Unable to serve Phoenix SSL certificate from memory

I’m developing a Phoenix server that needs to terminate SSL for multiple domains with certificates acquired via Certbot & stored in database in order to support the custom domains feature in my app. I’m passing sni_fun callback to https keyword list in Phoenix like so:

config :my_app, MyAppWeb.Endpoint,
  # ...
  https: [
    # ...
    sni_fun: &MyAppWeb.Certs.sni_fun/1
  ]

which works perfectly fine as long as it relies on filesystem by passing certfile, keyfile and cacertfile in the sni function like so:

def sni_fun(domain) do
  domain = List.to_string(domain)
  certs_dir = Path.join(:code.priv_dir(:my_app), "cert")
  certfile = Path.join(certs_dir, "#{domain}.pem")
  cacertfile = Path.join(certs_dir, "#{domain}_chain.pem")
  keyfile = Path.join(certs_dir, "#{domain}_key.pem")

  certs = [certfile: certfile, cacertfile: cacertfile, keyfile: keyfile]

  get_and_write_certs(domain, certs)

  certs
end

Notice that certfile, cacertfile and keyfile map to cert.pem, chain.pem and privkey.pem obtained by certbot respectively.

But this means that I have to rely both on database and filesystem to deliver certificates. This bites when trying to figure out a proper & efficient caching strategy considering there’s already a cache in place. I’ve been trying to use equivalent cert, cacerts and key options that appear both in erlang SSL docs and ranch docs, with this code being what I believe is the closest to SSL and ranch specs as well as notes in this thread about HTTPoison:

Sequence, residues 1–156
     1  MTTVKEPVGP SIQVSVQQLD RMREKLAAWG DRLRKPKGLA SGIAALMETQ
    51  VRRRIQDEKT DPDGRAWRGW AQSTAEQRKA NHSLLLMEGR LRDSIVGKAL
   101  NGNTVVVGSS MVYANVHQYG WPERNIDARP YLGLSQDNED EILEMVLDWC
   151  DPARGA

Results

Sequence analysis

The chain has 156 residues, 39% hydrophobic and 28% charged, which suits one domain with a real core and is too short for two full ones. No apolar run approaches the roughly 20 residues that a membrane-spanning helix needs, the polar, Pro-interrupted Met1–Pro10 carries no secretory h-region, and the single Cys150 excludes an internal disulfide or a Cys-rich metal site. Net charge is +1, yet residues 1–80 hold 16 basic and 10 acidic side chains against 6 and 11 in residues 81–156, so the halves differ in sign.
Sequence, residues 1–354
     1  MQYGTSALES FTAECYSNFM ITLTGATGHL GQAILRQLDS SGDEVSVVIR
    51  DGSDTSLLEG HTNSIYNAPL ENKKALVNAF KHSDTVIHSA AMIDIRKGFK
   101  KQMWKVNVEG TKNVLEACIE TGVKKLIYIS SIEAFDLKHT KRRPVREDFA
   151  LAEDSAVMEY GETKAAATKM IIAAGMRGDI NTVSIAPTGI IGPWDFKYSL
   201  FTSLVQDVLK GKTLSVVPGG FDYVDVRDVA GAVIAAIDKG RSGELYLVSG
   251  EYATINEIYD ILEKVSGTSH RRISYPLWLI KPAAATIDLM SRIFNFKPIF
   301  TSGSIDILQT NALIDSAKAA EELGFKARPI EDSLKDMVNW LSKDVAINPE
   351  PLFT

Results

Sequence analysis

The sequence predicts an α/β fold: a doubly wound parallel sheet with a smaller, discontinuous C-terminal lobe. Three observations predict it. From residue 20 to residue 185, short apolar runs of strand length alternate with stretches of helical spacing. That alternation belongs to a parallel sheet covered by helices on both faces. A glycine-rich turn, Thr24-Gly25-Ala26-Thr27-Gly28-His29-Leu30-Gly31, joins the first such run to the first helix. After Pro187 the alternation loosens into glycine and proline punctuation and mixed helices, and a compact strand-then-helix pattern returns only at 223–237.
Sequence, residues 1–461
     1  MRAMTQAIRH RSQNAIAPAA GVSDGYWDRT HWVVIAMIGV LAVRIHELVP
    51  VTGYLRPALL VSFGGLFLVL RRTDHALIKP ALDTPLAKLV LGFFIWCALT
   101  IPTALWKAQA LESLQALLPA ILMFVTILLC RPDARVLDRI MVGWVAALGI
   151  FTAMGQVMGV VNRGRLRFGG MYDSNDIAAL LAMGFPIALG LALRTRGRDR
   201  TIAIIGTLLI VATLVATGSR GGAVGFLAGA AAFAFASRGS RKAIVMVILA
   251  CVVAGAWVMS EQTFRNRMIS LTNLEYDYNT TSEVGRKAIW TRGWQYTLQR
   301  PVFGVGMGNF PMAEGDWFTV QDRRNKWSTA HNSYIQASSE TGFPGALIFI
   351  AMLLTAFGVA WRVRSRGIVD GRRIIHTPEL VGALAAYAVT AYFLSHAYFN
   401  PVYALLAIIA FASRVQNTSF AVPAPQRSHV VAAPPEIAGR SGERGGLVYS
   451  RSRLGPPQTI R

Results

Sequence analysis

def sni_fun(domain) do
  domain = List.to_string(domain)
  {cert_pem_string, cacerts_pem_string, key_pem_string} = get_certs(domain)

  cert = read_pem(cert_pem_string) |> hd() |> elem(1)
  cacerts = read_pem(cacerts_pem_string) |> Enum.map(&elem(&1, 1))
  key = read_pem(key_pem_string) |> hd()

  [cert: cert, cacerts: cacerts, key: key]
end

defp read_pem(pem_string) do
  pem_string
  |> :public_key.pem_decode()
  |> Enum.map(fn entry ->
    entry = :public_key.pem_entry_decode(entry)
    type = elem(entry, 0)
    {type, :public_key.der_encode(type, entry)}
  end)
end

This doesn’t work yielding following error in server log:

[info] TLS :server: In state :hello at tls_connection.erl:1359 generated SERVER ALERT: Fatal - Handshake Failure
 - :malformed_handshake_data

Even though when IO.inspecting the values all seems legit and according to above specs:

[
  cert: <<48, 130, 5, 99, 48, 130, 4, 75, 160, 3, 2, 1, 2, 2, 19, 0, 250, 215,
    47, 160, 210, 189, 235, 118, 145, 90, 123, 29, 116, 249, 12, 148, 109, 65,
    48, 13, 6, 9, 42, 134, 72, 134, 247, 13, 1, 1, 11, 5, 0, ...>>,
  cacerts: [
    <<48, 130, 5, 91, 48, 130, 3, 67, 160, 3, 2, 1, 2, 2, 16, 77, 244, 43, 149,
      209, 238, 155, 58, 76, 46, 179, 59, 141, 16, 93, 214, 48, 13, 6, 9, 42,
      134, 72, 134, 247, 13, 1, 1, 11, 5, 0, 48, ...>>,
    <<48, 130, 5, 84, 48, 130, 4, 60, 160, 3, 2, 1, 2, 2, 17, 0, 237, 93, 91,
      201, 109, 251, 223, 77, 62, 205, 106, 73, 141, 209, 179, 199, 48, 13, 6,
      9, 42, 134, 72, 134, 247, 13, 1, 1, 11, 5, ...>>
  ],
  key: {:RSAPrivateKey,
   <<48, 130, 4, 163, 2, 1, 0, 2, 130, 1, 1, 0, 172, 232, 46, 48, 27, 142, 154,
     67, 197, 56, 70, 245, 47, 232, 199, 248, 192, 53, 199, 211, 94, 83, 73, 35,
     24, 181, 123, 43, 194, 15, 191, 59, 16, ...>>},
]

Don’t worry, although trimmed it’s not a production certificate :slight_smile: